Friday: Emma and I went over to our friend Hadjia’s house to get sepia done. A lot of cultures have their form of henna. Hadija then took us over to her friend’s house who then drew on us, for lack of a better term. (Cultural Side note: Hadijia is rarely allowed out of the house. Her husband is who I consider to be a moderate Muslim man who allows her to leave her concession to go to the market and see friends. I have known since I have moved to Meiganga and this is the first time that I have seen her leave her concession.) While Emma and I were getting our sepia done, we were playing with everyone’s kids. One  4 year old yelled at his mom right around bed time, “Mom! I cannot go to bed, I am too excited! There are Nascaras (white people) here!"

Just as the seipa was drying. Walking through the market afterwards, people thought that I got married.

Saturday: It was the calm before the storm of festivities. I waited 45 minutes for a meeting to start before I gave up and went back home. But during that time I was sitting while these little kids were touching my hands and feet because I had sepia.

Sunday: I was told when I first arrived in Cameroon 5 months ago that there are 3 categories of people here: 1. Cameroonian Men, 2. Cameroonian Women, and 3. Foreign Men and Women. I never understood what the person was talking about until Sunday when I attended the Fête du Mouton prayer. I invited my neighbor, Nene, to join me to watch the grand prayer. It would be both of our first times. Thousands of men were in the front praying and in another field the women prayed. This is a part of Muslim culture that the men and women are separated for prayer. I wanted to see the prayer, so I came in a traditional outfit, armed with my camera. I was nervous to take pictures or to even be there for that matter since I am a woman, but someone I knew made me go the front of the prayer to snap a ton of shots. After the prayer, my friend came again and told me that I needed to have a front row view of the sacrificing of the ram. I explained to him that I didn’t feel comfortable because I was the only female and not Muslim. He explained to me that because I am a woman who is a foreigner the rules don’t apply to me. He then took my camera and took a ton of pictures for me.
The Grand Prayer

Nene and me at the Grand Prayer

Emma and my beautiful feet.

Emma and Me on my front steps with Makala about to leave for the festivities.

The Meiganga Crew!! Charla (Youth Development), Me (Small Business Development), Carlos (Health), Emma (Health), Andrew (English Teacher) and Fanta (Charla and my Community Host as well as good friend)

Later on that day, all of the volunteers in the Meiganga area went to Hadijia’s house to feast. I baked an apple pie for the festivities. After Hadijia’s, I went to someone else’s house where I met a baby named Barak Obama. I ended the ended the day with having a girl’s night at my house and had hot chocolate.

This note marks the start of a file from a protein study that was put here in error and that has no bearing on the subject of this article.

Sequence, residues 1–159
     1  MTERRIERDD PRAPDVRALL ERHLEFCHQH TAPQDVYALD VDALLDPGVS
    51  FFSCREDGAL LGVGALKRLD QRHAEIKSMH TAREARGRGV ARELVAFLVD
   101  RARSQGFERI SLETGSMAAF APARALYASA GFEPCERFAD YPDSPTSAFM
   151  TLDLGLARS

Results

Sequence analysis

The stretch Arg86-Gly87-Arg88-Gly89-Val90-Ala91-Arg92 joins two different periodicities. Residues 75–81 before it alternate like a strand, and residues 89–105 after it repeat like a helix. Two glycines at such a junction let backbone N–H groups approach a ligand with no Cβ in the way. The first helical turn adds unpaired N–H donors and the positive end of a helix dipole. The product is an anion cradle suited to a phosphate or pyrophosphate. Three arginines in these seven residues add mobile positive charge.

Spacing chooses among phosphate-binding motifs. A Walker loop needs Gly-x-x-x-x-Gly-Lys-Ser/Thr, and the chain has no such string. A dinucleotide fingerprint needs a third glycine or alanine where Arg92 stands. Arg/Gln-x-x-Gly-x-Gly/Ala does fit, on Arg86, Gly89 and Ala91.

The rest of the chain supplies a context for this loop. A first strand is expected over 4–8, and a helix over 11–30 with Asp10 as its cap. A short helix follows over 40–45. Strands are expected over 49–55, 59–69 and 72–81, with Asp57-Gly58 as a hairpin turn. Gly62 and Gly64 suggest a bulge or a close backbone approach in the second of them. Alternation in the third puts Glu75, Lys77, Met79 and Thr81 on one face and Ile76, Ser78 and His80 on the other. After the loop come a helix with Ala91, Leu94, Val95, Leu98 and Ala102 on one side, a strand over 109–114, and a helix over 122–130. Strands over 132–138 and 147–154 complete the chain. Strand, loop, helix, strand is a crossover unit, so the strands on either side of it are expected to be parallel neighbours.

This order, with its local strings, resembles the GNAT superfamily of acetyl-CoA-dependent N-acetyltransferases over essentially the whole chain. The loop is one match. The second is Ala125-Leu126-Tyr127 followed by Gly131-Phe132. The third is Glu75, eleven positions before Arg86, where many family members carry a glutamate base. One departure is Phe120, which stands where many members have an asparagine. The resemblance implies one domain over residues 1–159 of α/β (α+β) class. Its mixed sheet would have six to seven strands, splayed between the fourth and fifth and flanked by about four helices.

Monday: Emma, Charlotte and I were walking around Meiganga. We walked past the Grand Mosque, when someone told us that we should come inside. We got a VIP tour of the under construction Mosque and a soda! Then, we all went to Meidigou to my friend Sal’s first wife’s house. Hadijia is his second wife. There we ate a ridiculous amount of goat again. We had a dance party with all of the concession children.

Tuesday: I went back to Meidigou for a women’s group meeting that I attend every week. I didn’t realize that the Fête was still going on. During the meeting people stopped by to greet us and the President of the group gave them money. It is almost like people go Trick-o-treating, but instead of candy people get money. I was given 600 CFA, which is like $1.10. I was shocked and beyond grateful. These women don’t have much, they save around 200 CFA a week, so the amount I was given is a huge amount! All I could say was “Useko jur” or “Thanks a lot” with tears in my eyes.

This weekend was jammed packed with festivities. From a cultural standpoint, it was an eye opening experience. Back home, I do not think I know any Muslim families. I felt like I experienced all aspects of the holiday. Especially at the grand prayer, I had to take a step back and say a “Thank you” to have been given this opportunity: to being in Meiganga, to be in Cameroon, to work for the Peace Corps, to making new friends.

Thursday, November 3, 2011

Everyone wants to say hello.

Everyone wants to greet the white girl. This week while walking past the primary school by my house, the kids are all outside and start yelling Bonjour Dany!!! And they all wave. I walk past the latrine and this little girl as she is squatting going to the bathroom with the door open, starts waving and yelling, "Bonjour Dany!" I couldn't stop laughing. It made my day, so I hope that this story puts a smile on your face.